What could be more romantic than a department store? Think of the riches on display! Around each corner something new and enchanting; here and there, hidden mysteries. Small wonder that stores like Eaton’s, Sears, and Woolworth’s have endured for years and seem likely to endure for many, many more. [Editor’s note: James, I have news for you …] Small wonder that more than a few authors have set their stories in department stores.
Here are five examples.
Hector Owen of Rain in the Doorway is a typical Thorne Smith protagonist: male, middle-aged, miserable, but far too timid to do anything that might break with convention. This all changes the night he seeks shelter from a torrential downpour in a department store doorway. He’s dragged backwards through what he thought was a locked door…
Once inside, he finds himself in a department store staffed by eccentric lunatics. He’s drawn into a world of alcohol, decadence, and as much licentiousness as the author could slip past censors in the more straitlaced 1930s. It’s not a safe or reasonable world. It is, however, far more satisfactory than the one in which Owen used to live.
There should be a stock Thorne Smith warning, which is one part “it was a different time” and one part “do not attempt to emulate the behaviour of his characters unless you desire to expire of cirrhosis of the liver at an early age.” (Smith himself, who reportedly drank as much as his characters, died of a heart attack at the advanced age of forty-two.) I suspect that Smith, like his characters, was a desperately unhappy fellow—one whose sharp sense of humor was channelled into comic fantasies about nebbishes who break free of miserable conformity.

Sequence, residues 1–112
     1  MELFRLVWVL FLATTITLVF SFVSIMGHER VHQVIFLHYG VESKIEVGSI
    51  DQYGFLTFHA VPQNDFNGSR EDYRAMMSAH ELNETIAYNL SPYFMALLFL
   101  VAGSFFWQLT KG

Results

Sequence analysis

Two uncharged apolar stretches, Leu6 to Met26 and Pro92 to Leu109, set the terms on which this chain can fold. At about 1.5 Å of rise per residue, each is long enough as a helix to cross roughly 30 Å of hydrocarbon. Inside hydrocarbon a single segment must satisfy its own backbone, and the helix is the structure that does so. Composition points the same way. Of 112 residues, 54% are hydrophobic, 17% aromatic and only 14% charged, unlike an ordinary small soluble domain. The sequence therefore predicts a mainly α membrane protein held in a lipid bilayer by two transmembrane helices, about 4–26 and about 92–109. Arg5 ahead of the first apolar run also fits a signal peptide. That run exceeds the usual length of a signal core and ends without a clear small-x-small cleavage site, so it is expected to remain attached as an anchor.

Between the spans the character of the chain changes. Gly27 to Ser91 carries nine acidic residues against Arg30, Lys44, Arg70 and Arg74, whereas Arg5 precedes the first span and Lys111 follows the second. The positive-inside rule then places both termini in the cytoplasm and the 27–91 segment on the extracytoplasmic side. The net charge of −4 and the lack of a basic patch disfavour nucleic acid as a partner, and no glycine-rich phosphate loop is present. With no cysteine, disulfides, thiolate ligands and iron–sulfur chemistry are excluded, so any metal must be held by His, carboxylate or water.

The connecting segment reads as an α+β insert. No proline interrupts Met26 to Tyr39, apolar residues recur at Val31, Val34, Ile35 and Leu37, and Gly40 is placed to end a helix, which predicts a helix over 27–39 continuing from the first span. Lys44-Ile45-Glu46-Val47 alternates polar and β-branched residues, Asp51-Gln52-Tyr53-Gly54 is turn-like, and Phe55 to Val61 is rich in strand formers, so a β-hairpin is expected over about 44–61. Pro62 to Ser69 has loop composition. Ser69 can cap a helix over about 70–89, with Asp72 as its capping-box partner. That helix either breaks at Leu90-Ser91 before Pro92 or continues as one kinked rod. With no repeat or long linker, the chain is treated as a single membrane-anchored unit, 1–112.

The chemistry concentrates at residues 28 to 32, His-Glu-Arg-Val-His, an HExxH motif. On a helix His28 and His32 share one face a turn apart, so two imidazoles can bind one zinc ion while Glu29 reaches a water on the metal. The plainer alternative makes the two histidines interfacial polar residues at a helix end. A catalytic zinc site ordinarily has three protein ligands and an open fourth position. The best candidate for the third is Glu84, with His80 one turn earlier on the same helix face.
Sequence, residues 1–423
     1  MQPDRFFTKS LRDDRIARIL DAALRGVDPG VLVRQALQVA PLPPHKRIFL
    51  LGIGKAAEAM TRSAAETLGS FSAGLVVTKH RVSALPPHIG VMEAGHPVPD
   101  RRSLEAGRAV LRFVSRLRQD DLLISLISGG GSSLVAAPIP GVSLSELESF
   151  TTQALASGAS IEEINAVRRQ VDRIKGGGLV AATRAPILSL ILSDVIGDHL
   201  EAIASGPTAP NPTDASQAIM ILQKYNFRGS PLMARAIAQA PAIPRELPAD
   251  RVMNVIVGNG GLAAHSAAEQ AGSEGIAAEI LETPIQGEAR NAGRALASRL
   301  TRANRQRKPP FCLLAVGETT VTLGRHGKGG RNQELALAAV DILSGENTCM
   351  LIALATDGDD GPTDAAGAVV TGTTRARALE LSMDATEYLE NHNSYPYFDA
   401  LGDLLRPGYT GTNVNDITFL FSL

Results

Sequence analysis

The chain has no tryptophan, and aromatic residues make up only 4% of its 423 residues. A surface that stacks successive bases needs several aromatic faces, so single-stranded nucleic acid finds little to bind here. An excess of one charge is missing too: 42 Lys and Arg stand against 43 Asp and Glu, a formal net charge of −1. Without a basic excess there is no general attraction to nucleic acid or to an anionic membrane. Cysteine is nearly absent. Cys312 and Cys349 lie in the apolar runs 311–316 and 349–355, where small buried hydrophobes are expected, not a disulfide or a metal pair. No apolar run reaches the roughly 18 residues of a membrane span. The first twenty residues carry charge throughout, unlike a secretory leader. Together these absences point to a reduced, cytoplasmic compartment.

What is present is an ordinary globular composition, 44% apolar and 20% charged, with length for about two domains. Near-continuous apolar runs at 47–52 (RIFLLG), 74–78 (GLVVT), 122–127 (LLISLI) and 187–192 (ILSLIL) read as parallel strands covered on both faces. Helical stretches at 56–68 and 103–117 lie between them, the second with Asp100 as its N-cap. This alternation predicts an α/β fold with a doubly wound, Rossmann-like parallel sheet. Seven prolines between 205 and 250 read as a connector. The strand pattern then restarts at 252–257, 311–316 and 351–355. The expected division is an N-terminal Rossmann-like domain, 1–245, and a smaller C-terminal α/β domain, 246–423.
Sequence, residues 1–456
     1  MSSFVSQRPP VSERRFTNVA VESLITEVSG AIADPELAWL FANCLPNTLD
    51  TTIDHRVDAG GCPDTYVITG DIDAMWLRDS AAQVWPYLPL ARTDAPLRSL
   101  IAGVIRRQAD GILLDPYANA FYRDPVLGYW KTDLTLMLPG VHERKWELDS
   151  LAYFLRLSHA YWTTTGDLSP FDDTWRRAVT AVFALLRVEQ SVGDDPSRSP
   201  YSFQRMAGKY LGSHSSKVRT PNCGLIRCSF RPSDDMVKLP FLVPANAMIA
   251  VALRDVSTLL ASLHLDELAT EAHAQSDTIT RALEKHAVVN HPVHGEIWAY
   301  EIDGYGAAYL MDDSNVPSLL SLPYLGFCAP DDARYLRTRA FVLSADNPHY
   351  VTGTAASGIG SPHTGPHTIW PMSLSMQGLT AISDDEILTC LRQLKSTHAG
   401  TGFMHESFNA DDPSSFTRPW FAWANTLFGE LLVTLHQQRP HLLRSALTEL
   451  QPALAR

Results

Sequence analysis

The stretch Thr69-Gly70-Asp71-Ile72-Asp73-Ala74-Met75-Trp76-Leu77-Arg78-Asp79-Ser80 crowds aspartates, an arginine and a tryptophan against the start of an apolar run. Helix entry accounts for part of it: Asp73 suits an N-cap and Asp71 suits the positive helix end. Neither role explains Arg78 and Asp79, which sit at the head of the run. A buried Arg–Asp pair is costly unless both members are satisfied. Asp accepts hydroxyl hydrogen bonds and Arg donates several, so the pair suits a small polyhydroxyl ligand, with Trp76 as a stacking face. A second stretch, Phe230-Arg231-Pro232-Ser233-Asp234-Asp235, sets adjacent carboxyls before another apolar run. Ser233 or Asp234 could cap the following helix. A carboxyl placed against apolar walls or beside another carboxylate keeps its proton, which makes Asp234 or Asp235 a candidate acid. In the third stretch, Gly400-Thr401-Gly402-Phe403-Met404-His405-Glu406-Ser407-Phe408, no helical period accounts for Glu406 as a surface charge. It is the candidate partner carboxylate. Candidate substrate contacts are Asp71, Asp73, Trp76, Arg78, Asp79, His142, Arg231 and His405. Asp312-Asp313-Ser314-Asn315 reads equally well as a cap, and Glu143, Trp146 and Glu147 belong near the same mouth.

The jaded poet of John Collier’s story “Evening Primrose” is a more determined character. Rather than meekly submit to bourgeois convention until chance rescues him, he deliberately chooses to hide away in Bracey’s Department Store. There, all the necessities of life can be found; this permits him the freedom to write without the distraction of a job.
Unfortunately for Collier’s poet, he is not the first person to have this idea: Bracey’s hosts a thriving hidden community, a well-established culture with dark traditions the poet will come to know all too well. The poet also finds something he wasn’t looking for: love…for all the good it does him.
Readers looking for the sort of comfort food Smith offered probably shouldn’t turn to Collier for more of the same. Bracey’s may be filled with denizens as eccentric as the people who befriend Owen but alas, Collier isn’t quite as sympathetic towards his protagonists as was Smith. This is altogether a less comforting story.
Ava, the protagonist of Nino Cipri’s upcoming novella Finna, is driven into LitenVärld by simple economic necessity. Ava likes eating and living indoors, and for that she needs a job. She may be third from the bottom in LitenVärld’s pecking order; the store may be a soulless big box store; she may be rather inconveniently working in the same place as her ex Jules—but at least she has an income.